What I’d like to focus on in this post is one small part of O’Rourke’s narrative: her attempts to alleviate her symptoms through a growing obsession with the selection and control of the food she ate. It’s not difficult to find media stories and blog posts that put a positive spin on (what amounts to) an excessive preoccupation with healthy eating. It’s rare, however, to find an experiential account that recognizes the obsessive pursuit of health as itself unhealthy.

A classic discussion of the latter is Steven Bratman’s Health Food Junkies: Orthorexia Nervosa – the Health Food Eating Disorder. In O’Rourke’s case, of course, she was not simply eating to be healthy. She was seeking relief from very real and disturbing symptoms. That’s not quite the same thing as orthorexia, although both provide the health food consumer with an opportunity for reflection.Read more

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Neoliberalism, tobacco, and public health (2)

The occasion for the rambling reflections on neoliberalism in the previous post was three “perspective” articles on tobacco in a recent issue of The New England Journal of Medicine. Two of them concern the FDA’s attempt to place graphic warnings on cigarette packs. The other is on cigarette smoking among the homeless.

The First Amendment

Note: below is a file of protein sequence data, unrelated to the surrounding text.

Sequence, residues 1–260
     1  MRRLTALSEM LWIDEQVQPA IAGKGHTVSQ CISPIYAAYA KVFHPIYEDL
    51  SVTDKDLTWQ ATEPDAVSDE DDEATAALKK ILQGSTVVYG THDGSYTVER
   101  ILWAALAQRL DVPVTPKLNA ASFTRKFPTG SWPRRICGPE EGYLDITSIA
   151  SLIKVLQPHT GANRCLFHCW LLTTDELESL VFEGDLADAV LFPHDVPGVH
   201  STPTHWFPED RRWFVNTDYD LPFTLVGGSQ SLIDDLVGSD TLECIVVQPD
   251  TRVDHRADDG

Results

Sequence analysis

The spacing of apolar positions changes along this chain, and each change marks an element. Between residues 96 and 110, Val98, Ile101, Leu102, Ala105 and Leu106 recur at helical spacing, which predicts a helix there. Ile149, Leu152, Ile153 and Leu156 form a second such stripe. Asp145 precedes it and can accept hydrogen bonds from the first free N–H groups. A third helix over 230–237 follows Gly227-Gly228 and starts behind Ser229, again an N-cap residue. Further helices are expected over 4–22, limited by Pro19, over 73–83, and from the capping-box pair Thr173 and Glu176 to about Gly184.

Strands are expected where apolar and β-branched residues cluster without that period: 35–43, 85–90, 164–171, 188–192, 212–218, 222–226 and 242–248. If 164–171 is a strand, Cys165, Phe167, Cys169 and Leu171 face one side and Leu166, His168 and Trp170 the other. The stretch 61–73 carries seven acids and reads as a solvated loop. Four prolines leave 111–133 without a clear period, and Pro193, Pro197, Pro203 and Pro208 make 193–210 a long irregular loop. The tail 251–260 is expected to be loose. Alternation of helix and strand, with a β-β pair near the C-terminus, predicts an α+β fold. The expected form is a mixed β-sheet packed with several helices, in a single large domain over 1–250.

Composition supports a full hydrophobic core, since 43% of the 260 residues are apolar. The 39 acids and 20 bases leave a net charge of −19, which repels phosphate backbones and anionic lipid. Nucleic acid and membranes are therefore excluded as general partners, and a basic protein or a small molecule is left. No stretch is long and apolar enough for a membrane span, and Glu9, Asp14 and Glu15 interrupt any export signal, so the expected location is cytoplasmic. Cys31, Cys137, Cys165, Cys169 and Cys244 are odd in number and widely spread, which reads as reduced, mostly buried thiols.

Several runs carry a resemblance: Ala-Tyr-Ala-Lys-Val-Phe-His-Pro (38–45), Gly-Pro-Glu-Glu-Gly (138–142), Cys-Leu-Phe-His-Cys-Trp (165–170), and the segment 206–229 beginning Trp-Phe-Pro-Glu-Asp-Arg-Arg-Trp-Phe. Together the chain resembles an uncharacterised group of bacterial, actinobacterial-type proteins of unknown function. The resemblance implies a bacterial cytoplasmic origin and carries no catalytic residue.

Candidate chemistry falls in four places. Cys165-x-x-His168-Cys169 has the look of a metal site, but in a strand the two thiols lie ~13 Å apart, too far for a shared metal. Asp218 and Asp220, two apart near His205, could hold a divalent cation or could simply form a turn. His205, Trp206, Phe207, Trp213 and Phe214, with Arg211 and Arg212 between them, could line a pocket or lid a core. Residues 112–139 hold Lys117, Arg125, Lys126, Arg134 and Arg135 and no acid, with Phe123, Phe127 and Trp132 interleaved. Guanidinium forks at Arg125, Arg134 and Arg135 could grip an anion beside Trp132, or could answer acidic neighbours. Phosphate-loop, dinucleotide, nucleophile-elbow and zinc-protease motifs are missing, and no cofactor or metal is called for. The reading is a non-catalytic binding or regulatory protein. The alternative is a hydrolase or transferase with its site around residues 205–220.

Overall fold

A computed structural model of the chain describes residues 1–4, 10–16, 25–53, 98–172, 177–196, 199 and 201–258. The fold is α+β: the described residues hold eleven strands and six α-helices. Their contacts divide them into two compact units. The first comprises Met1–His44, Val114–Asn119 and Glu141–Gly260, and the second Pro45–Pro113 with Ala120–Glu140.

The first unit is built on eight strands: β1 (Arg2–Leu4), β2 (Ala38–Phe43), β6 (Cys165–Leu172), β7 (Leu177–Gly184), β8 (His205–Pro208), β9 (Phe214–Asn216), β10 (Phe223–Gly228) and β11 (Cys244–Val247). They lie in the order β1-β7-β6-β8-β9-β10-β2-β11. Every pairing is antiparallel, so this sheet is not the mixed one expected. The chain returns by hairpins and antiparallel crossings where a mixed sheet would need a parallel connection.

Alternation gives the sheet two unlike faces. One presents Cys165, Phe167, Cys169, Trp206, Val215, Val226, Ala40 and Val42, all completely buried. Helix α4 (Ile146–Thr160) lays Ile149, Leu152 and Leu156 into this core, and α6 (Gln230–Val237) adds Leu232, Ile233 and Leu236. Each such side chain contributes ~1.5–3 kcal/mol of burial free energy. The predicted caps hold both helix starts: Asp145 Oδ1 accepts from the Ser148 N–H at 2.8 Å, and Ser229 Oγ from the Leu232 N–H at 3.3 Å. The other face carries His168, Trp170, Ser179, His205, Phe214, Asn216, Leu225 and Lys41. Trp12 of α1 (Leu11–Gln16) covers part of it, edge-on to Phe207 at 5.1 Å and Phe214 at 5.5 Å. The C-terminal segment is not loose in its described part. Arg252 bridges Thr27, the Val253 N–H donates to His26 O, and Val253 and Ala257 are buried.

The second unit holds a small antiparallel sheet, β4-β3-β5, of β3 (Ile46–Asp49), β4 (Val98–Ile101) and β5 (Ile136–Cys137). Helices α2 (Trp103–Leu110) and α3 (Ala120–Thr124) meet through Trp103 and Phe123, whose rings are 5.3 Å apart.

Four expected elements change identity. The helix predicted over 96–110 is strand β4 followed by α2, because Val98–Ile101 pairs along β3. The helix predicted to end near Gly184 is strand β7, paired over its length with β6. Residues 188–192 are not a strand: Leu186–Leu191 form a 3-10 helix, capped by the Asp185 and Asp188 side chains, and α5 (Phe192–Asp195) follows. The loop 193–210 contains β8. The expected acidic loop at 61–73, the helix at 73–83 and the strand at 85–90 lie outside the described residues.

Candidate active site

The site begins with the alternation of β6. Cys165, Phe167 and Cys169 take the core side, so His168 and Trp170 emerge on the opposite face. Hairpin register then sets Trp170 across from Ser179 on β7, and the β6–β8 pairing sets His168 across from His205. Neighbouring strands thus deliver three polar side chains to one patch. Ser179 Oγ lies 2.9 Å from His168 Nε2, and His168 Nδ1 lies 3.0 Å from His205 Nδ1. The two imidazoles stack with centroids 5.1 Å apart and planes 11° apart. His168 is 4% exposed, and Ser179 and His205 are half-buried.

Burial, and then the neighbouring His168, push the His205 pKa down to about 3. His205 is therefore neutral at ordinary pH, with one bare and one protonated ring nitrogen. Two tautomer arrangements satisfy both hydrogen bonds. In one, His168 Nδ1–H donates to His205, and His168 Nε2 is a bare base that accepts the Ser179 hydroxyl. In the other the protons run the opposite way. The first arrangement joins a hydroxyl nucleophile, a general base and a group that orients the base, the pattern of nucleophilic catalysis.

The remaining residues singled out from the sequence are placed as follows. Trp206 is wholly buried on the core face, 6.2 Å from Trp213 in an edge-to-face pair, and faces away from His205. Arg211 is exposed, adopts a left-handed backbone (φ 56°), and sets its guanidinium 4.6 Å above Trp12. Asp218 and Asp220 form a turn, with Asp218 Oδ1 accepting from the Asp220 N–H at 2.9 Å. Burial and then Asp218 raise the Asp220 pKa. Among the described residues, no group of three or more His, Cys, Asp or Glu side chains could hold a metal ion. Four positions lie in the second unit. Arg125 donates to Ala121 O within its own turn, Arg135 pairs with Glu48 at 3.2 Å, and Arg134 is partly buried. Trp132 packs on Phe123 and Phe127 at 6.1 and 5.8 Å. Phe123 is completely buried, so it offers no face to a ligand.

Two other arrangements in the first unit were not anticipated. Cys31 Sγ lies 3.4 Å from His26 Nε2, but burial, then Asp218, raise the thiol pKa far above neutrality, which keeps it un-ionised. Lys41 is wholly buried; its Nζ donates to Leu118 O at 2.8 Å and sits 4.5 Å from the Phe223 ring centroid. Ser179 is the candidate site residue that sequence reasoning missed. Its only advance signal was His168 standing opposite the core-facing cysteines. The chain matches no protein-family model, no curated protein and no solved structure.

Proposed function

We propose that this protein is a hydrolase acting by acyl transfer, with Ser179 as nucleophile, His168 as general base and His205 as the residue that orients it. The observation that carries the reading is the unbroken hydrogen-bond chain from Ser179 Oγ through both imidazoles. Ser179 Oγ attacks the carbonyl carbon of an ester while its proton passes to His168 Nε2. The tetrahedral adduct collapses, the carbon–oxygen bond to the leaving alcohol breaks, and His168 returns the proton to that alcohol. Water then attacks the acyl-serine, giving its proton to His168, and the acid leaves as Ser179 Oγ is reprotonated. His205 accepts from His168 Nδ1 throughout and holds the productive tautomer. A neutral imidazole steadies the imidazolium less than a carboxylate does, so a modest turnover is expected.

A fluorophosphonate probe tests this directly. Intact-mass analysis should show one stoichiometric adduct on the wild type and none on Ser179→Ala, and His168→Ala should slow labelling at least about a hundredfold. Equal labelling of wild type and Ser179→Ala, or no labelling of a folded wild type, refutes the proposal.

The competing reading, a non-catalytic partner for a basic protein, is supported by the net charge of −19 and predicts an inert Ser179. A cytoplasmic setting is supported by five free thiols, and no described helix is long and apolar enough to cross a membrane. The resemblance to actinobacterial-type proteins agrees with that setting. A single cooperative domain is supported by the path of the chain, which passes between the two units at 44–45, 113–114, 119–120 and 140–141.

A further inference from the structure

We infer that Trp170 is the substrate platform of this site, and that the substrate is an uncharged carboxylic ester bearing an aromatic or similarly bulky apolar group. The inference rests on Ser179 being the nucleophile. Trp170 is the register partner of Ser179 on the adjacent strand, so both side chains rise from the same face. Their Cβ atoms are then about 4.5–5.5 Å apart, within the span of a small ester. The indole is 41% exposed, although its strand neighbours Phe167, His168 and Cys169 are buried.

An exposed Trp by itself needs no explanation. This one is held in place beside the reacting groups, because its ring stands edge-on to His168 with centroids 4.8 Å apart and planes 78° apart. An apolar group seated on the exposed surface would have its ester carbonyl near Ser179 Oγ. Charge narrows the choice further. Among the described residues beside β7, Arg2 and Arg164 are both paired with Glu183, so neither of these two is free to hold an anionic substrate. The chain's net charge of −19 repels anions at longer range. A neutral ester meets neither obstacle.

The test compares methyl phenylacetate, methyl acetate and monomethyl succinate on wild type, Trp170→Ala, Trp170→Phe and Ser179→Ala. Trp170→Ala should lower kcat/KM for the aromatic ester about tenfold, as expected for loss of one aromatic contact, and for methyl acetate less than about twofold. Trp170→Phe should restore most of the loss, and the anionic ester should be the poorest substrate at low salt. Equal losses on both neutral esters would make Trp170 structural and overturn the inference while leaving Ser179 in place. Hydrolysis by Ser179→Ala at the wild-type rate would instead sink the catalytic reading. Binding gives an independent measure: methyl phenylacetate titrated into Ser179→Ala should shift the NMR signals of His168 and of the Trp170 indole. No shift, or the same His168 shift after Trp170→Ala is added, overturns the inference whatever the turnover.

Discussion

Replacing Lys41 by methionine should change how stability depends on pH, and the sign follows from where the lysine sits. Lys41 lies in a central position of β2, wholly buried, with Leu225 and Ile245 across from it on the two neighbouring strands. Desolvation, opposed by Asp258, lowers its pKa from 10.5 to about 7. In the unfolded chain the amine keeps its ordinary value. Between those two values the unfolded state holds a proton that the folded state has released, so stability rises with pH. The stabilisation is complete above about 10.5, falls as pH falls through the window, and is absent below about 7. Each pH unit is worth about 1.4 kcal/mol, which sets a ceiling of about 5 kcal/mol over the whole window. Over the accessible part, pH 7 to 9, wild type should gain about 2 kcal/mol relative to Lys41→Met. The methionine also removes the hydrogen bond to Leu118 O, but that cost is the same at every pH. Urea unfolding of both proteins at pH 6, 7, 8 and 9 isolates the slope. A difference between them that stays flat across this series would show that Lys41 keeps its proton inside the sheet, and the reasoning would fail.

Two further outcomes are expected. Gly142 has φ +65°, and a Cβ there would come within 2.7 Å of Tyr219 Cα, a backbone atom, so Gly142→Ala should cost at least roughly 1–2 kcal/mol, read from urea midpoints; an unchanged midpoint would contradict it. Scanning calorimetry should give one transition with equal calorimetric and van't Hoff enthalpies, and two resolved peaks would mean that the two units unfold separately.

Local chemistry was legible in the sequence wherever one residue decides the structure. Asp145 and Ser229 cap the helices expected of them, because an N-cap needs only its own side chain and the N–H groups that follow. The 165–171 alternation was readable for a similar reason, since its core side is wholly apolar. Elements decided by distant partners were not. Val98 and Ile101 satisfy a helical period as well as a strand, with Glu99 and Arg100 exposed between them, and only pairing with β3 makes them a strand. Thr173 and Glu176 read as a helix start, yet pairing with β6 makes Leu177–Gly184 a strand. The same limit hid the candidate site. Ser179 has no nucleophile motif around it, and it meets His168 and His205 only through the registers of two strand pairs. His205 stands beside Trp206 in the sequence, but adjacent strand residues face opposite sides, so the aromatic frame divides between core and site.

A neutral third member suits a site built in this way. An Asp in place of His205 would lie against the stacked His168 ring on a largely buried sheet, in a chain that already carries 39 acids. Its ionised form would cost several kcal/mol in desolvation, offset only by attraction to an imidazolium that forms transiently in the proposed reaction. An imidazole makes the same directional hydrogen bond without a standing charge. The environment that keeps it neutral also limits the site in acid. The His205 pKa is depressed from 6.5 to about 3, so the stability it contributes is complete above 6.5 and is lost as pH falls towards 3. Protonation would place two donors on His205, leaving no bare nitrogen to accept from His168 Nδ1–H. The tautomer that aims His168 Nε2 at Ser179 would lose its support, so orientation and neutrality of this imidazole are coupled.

fda-graphic-warning-labels-cigarettes-are-addictivePlacing graphic warnings on cigarette packs was part of the 2009 Family Smoking Prevention and Tobacco Control Act. The tobacco industry sued the FDA (R.J. Reynolds Tobacco Co. v. FDA), claiming the warnings violated the industry’s First Amendment rights. In a case decided last year, the tobacco industry won.

David Orentlicher, in his article The FDA’s Graphic Tobacco Warnings and the First Amendment, writes that the decision is both surprising and not surprising. It’s not surprising “given the Supreme Court’s increased sympathy toward corporations and their First Amendment rights. Regulations of commercial speech often succumb to judicial scrutiny.” It’s surprising because, while the Supreme Court now restricts the government’s power to regulate corporate speech, it has not in the past interfered with the government’s authority when it comes to regulating matters of public health. Evidently, that’s not the case anymore.